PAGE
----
It’s Masters Week; Bring on the Illusions

Hey, the greatest golf tournament in the world begins today!

No it doesn’t.  The Masters is this week. The greatest golf tournament in the world, the Open Championship, isn’t until July. It’s being played at the Old Course in St. ANGC ACCAndrews, Scotland, the greatest golf course in the world.

You may have heard of it. The men who designed Augusta National Golf Club, Alister Mackenzie and Bobby Jones, used the Old Course, which they thought to be the finest and fairest test of golf there was, as the inspiration for Augusta.

From an environmental standpoint, if Augusta is not the low point of all American golf courses, it’s standing on the doorstep, in large part because of its prominence, but also because of its agronomic practices.

The photo above is of part of the 8th and 9th holes of Augusta Country Club and the 11th, fairway and green (on the right), the entire 12th and the 13th tee and fairway of Augusta National. If you’re not sure which is which, the ACC holes have dormant bermudagrass and look natural for that part of Georgia for this time of the year. ANGC looks like a video game golf course, fake and perverse, with all the dormant bermuda overseeded with most likely perennial rye grass.

ANGC is by no means the only club to overseed wall to wall, high-end layouts, private and resorts, across the south from Florida to Arizona do it, but Augusta is the most visible. The insistence of the membership that they are good stewards of the land is laughable as long as the club overseeds every God blessed piece of ground that doesn’t have a tree or azalea on it.

This image shows the current No. 12 hole witch played as the No. 3 in 1934.

Originally, Augusta National was a natural golf course. This is the 12th green.

Let’s cut the club some slack since it does host a major tournament (that was for decades played on a dormant bermudagrass  golf course). If Augusta, though, is going to overseed then how about just doing it on the in-play areas? In the above photo there are probably two acres of grass that does not need to be green; from the grandstands behind the 12th tee, to Rae’s Creek, could be dormant and not affect play.

Rae’s Creek, by the way, is another example of how Augusta National manipulates nature. Cutting through Augusta Country Club, the creek is a meandering stream. On the Augusta National property it turns into what looks like barge canal.

What Overseeding Entails.

For the better part of a decade now there has been a “Sustainable Golf” movement. The idea is to maintain golf courses in a way that allows for top-notch playing conditions while taking into consideration among other concerns,  protecting the land on which the course is built, minimizing water usage and pollution, and also reducing chemical inputs. Overseeding is counter to Sustainable Golf. Augusta is the polar opposite of a sustainable golf course.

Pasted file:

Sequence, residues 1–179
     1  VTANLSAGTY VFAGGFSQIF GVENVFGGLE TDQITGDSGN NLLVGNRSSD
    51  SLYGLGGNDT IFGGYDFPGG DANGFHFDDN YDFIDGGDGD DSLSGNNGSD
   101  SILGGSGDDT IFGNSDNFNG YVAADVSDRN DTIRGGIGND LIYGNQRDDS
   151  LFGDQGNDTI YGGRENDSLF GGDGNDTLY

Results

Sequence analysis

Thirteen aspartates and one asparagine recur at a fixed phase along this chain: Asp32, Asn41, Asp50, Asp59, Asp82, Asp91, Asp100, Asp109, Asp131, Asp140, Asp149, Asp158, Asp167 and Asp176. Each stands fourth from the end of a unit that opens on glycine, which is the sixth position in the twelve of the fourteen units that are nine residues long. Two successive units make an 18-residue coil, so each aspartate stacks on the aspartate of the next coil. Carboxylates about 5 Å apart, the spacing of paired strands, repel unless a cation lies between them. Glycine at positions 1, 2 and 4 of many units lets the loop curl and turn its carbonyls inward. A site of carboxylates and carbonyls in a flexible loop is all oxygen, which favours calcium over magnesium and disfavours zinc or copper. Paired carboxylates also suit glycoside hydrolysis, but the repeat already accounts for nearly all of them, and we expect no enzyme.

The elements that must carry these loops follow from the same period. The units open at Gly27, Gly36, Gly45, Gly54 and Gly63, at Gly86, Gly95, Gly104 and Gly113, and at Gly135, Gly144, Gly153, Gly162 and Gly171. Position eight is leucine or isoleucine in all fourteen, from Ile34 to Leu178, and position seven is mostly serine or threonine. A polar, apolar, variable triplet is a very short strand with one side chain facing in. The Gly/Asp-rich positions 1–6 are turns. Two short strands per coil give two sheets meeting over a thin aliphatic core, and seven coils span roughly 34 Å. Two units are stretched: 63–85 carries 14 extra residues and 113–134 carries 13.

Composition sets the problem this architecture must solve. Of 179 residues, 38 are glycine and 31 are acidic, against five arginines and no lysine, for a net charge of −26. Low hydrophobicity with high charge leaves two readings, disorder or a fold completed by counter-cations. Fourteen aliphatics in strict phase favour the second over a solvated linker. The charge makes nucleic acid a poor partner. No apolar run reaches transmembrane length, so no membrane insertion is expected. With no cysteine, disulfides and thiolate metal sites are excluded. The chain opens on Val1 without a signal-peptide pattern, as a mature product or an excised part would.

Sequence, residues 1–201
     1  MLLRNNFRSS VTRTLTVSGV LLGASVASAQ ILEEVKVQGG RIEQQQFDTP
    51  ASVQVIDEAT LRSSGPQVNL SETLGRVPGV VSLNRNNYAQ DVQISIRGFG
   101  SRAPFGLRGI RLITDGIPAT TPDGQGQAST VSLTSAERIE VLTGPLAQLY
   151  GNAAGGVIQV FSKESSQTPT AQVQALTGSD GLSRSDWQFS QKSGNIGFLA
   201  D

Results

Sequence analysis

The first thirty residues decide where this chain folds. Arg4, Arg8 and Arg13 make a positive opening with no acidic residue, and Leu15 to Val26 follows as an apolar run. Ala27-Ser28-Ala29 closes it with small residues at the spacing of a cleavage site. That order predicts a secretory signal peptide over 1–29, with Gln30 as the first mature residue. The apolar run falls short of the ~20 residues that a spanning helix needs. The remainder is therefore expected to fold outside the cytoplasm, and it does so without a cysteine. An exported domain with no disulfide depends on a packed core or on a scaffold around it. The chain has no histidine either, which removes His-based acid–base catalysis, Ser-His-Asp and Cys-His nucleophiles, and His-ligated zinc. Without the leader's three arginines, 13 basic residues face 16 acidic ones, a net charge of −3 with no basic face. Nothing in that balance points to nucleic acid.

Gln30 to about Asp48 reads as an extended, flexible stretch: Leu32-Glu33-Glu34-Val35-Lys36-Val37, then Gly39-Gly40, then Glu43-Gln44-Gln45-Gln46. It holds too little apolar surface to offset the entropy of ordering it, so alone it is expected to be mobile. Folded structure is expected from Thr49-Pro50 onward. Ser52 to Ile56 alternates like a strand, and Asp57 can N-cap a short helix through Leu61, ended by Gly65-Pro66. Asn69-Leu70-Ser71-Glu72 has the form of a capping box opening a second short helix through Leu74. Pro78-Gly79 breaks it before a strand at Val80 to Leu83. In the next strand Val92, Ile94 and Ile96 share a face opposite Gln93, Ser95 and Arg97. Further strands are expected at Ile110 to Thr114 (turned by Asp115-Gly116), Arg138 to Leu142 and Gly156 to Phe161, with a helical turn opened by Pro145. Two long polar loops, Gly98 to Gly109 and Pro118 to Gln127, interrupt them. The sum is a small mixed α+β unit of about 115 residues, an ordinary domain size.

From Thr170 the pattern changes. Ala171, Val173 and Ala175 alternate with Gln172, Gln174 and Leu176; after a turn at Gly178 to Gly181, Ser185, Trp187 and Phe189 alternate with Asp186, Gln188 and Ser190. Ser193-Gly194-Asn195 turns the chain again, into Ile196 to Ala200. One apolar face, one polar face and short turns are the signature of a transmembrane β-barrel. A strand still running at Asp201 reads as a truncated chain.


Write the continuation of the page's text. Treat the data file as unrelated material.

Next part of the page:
A former USGA Green Section agronomist described overseeding  this way: “It’s an amazingly perverse process.”

Here’s how it works.

(We’ll just concentrate on the trees, fairways, approaches and roughs and save the bentgrass greens for another day.)

AGNC #10 5-'48

The 10th hole in 1948. Notice the dandelions. (Courtesy The Noer/Milorganite® Image Collection)

The club scalps the bermuda and overseeds in September when the bermuda is still thriving. It shuts down typically in November when the first heavy frost arrives. Since the rye needs a kick to get going, it is fertilized and watered. If the course was not overseeded, there would be no water or fertilizer application after November until the bermuda came out of dormancy, usually around the end of of February.

Once the ryegrass is established, it is regularly mowed, irrigated, fed, as well as sprayed with pesticides to help it withstand disease. Again, with dormant bermuda, there would be no need for any of this.

In the end, depending on the weather, Augusta National uses hundreds of thousand of gallons of water, if not millions, it does not need to in order to create the facade of the perfect golf course.

In the spring, the ryegrass must be removed so that the thick stand of turf does not shade the bermudagrass, hindering its path back to growth. To do this, every blade of ryegrass is sprayed with herbicide to kill it. Again, a procedure unneeded if the course remained as bermudagrass. ANGC closes the week after the Masters and reopens in the fall.

Here’s the kicker in all this, dormant bermudagrass makes a wonderful playing surface, including on greens. At a facility like Augusta where there is so little play, wear issues are not a concern. If problems do arrive along walkways or entrance and exit points to tees and greens, those small areas could be overseeded. If, however, wear is an issue because of the tournament, then just overseed the areas that involve the playing of golf.

That, though, wouldn’t not give the perception of perfection and that’s just not the Augusta way, Sustainable Golf be damned.








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